Corbett makes debut as DRPA board chairman

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Gov. Corbett holds a news conference after chairing his first meeting of the Delaware River Port Authority. Corbett was voted chair at the meeting. He formally replaced six of the eight Pennsylvanians on the 16-member bistate agency.

Gov. Corbett spent two hours and 40 minutes as a commuter Wednesday morning, enduring rush-hour traffic on the Pennsylvania Turnpike and Schuylkill Expressway. So he was primed to tout the virtues of mass transit and E-ZPass lanes when he made his debut as chairman of the Delaware River Port Authority.

As head of the agency that operates four toll bridges and the PATCO commuter rail line between South Jersey and Philadelphia, Corbett said he would make commuters his top priority and focus on cutting the DRPA's heavy debt burden.

"The business of the DRPA, as far as I'm concerned . . . is the commute and the safe transportation of people back and forth across the Delaware River," he told reporters after overseeing his first meeting of a reconstituted DRPA board.

Corbett formally replaced six of the eight Pennsylvanians on the 16-member bistate DRPA board on Wednesday.

He said he would work closely with Gov. Christie and would be an active chairman. He plans to make it to most meetings, Corbett said, unlike former Gov. Ed Rendell, who also appointed himself to the board but rarely attended its gatherings.

"I want to take a look at what's going on here," Corbett said. "It certainly is on the minds of the people of southeast Pennsylvania."

The DRPA has been under fire for months for its spending and management practices.

Corbett said it was too early to say whether he would replace chief executive John Matheussen. And he would not indicate whether he supported the DRPA's proposed light-rail extensions along the Philadelphia Delaware River waterfront and between Camden and Gloucester County.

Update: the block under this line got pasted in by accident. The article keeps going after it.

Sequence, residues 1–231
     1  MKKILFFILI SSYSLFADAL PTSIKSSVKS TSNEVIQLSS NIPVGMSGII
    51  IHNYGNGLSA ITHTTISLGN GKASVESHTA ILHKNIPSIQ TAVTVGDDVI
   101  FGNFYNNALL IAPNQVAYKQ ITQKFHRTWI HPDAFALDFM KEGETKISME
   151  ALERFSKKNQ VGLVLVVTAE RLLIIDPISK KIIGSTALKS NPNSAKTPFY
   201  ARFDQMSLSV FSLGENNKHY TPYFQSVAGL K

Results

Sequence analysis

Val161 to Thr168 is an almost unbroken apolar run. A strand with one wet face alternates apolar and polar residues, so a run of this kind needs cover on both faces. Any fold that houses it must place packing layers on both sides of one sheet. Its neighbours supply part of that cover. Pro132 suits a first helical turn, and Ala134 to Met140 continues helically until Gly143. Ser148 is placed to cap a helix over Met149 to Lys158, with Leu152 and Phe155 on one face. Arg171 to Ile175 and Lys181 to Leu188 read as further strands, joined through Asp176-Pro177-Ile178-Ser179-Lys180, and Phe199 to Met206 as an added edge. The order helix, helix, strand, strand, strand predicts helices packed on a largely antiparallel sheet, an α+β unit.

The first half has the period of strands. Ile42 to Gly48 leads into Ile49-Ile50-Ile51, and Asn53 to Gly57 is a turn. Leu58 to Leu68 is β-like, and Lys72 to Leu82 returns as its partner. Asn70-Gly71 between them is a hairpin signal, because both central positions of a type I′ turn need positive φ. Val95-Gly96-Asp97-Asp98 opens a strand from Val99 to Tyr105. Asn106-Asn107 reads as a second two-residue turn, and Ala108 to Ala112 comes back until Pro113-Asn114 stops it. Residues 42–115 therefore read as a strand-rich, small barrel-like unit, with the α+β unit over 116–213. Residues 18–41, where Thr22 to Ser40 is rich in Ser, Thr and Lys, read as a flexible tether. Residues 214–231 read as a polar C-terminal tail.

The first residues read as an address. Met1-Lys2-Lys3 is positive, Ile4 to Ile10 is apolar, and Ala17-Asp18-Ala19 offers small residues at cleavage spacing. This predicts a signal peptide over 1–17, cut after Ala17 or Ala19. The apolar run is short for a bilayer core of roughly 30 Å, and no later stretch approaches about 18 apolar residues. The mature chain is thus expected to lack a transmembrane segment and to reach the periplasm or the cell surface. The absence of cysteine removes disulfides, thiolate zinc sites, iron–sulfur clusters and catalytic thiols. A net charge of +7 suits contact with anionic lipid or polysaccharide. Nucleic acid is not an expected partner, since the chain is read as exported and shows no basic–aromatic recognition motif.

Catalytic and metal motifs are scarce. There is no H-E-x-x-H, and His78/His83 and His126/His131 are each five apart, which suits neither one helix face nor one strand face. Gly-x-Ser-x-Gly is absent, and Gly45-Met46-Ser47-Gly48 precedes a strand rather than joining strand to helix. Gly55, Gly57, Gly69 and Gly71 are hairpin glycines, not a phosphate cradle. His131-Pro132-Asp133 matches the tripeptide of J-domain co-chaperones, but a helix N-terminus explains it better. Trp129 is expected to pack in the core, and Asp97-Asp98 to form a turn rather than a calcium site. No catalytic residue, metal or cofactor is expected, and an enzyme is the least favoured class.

Corbett and Christie have promised to end the long-standing practice of "economic development" spending, which has contributed to the DRPA's $1.4 billion debt. About 47 percent of tolls now go to making payments on that debt.

Much of the debt was accumulated during the last 12 years, as the DRPA spent about $500 million on economic-development projects such as sports stadiums, museums, and concert halls.

"When the debt is as high as it is, that directly affects the ridership" in the form of higher tolls and fares, Corbett said. "We need to get that under control."

Corbett and his five appointees took their seats on the DRPA board, replacing all of Rendell's appointees. Two Pennsylvania commissioners remained on the board by virtue of their elected offices: state Treasurer Rob McCord and state Auditor General Jack Wagner.

By unanimous vote, the Pennsylvania and New Jersey commissioners elected Corbett chairman. He replaces Philadelphia lawyer John Estey, Rendell's former chief of staff. Estey served as chairman in Rendell's absence until Rendell stepped down from the board, at which time he became chairman in his own right.

Corbett declined to address Matheussen's future. The chief executive's contract expired in July, and he has retained his $219,474-a-year post based on a letter of authorization signed by Estey and DRPA Vice Chairman Jeffrey Nash, a Camden County freeholder.

Corbett said he was not sure if he, as the new chairman, would need to authorize Matheussen's retention.

"I need a little bit of time" on that, he said.

The chief executive post traditionally has been filled with a nominee from New Jersey's governor.

Christie, who has pushed for cost cuts and management changes at many New Jersey authorities, said last year that he would not permit Matheussen to be given a contract for a third term until problems at the DRPA were addressed.

The board conducted little substantive business Wednesday, deferring most of its agenda to its next meeting, set for March 16.

The board did vote to spend $85,964 for a one-year extension of a controversial insurance policy on two buildings on the Camden waterfront. An existing 10-year policy was to expire this month.

The insurance protects the buildings' owner and developer, Dranoff Properties Inc., from liability related to environmental clean-up to make the former RCA industrial buildings suitable for residential use. One of the buildings, the landmark "Nipper Building," has been converted into the Victor Loft Apartments, while the second remains unrenovated.

After questions were raised by board members this year about paying to insure buildings the DRPA does not own, the agency began to work with the New Jersey Economic Development Authority "to find a way of unwinding this legal web," Nash said.

He said he hoped the DRPA would be able to shed the insurance responsibility by the end of the policy extension.


Contact staff writer Paul Nussbaum at 215-854-4587 or pnussbaum@phillynews.com.